Democratic Gov. Tony Evers’ proposal to legalize medical cannabis and small amounts of recreational marijuana will not pass the Wisconsin Legislature, Republican leaders of the budget-writing committee said April 25, 2019.
“It’s really off the wall scary,” Republican state Sen. Alberta Darling said of Evers’ proposal at a WisPolitics.com luncheon attended by lobbyists, Capitol insiders, and other power brokers.
“What is scary,” countered Evers’ spokesperson in a statement later, “is Republicans’ complete and total disregard for the will of the people.”
Evers included the pot legalization plan as part of his two-year state budget proposal that is pending before the Joint Finance Committee. Under his plan, medical marijuana would be legalized and possessing, manufacturing or distributing up to 25 grams of recreational pot would be decriminalized.
Evers has pointed to public support for legalization, increased tax revenue that would come in, and the benefit of medical marijuana to the help it could help as reasons to legalize it. A Marquette University Law School poll released April 10, 2019, put public support for medical marijuana at 83 percent and 59 percent for recreational marijuana.
Democrats have been trying every session for the past 10 years to get some form of marijuana legalization passed as other states have moved forward. There is a separate bill this year by Democratic Rep. Melissa Sargent to fully legalize adult-use marijuana.
Thirty-three states — including neighboring Michigan, Minnesota, and Illinois — have legalized medical marijuana. In November 2018, Michigan became the 10th U.S. state to legalize adult-use marijuana.
Wisconsin also had a slate of marijuana questions in November 2018 that voters approved. In all 16 counties where a non-binding question was asked about whether to legalize marijuana, voters signaled their approval.
While Darling and Assembly member John Nygren were unified in opposition to the marijuana plan, they disagreed on Evers’ budget proposal to increase the tax on vaping products.
Evers’ budget would impose a tax on all e-cigarettes and vaping products equal to 71 percent of the product’s list price. The tax rate mirrors the existing rate on traditional cigarettes and other tobacco products.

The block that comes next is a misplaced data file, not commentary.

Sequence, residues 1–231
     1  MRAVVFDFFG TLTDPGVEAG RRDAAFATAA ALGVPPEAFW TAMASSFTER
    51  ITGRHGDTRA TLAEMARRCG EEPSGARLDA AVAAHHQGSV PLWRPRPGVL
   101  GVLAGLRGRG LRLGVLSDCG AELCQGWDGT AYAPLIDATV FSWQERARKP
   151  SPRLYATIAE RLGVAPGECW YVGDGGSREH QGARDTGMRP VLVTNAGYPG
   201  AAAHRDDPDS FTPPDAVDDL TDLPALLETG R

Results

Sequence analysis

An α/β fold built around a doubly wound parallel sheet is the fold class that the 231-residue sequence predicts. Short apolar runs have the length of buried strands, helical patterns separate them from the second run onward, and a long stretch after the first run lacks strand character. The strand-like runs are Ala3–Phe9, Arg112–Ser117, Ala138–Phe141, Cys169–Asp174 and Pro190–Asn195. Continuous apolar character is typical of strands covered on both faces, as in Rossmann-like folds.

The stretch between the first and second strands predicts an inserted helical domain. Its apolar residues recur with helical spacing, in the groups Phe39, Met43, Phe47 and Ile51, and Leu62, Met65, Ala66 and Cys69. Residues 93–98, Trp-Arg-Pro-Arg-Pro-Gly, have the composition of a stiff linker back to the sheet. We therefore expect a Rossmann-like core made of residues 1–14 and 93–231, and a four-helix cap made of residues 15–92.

The bottom line is that we are spending too much money prosecuting and incarcerating people — and often persons of color — for non-violent crimes related to possessing small amounts of marijuana.
— Governor Tony Evers (@GovEvers) February 18, 2019
Darling said she was surprised by the amount of testimony from young people at four public budget hearings across the state about the prevalence of vaping and their desire to clamp down on its use.
But Darling said she favored more education first and the tax increase would not be considered. Nygren, however, said “that is something we will have to arm-wrestle on.”
He said the 71 percent tax Evers proposed may be too high, but he’s open to considering some level of higher tax for the products.
The Joint Finance Committee held its last public hearing on Evers’ budget in late April 2019 and will start meeting to take votes on his spending plan in May. Darling and Nygren said they expect the committees to finish its work in June, in time for the full Legislature to pass the budget by the end of the fiscal year on June 30.
However, the question is whether Evers will sign the budget with line-item vetoes of veto the entire plan. If he does that, passing a budget would likely go well past the July 1 deadline. But unlike at the federal level, government in Wisconsin does not shut down during a budget impasse and state spending continues at the current level until a new plan is signed into law.
Nygren said he hoped Evers would sign the GOP-approved budget.
“If it doesn’t meet every single one of his objectives, is he going to veto it?” Nygren asked. “I think that would be foolish.”
— Scott Bauer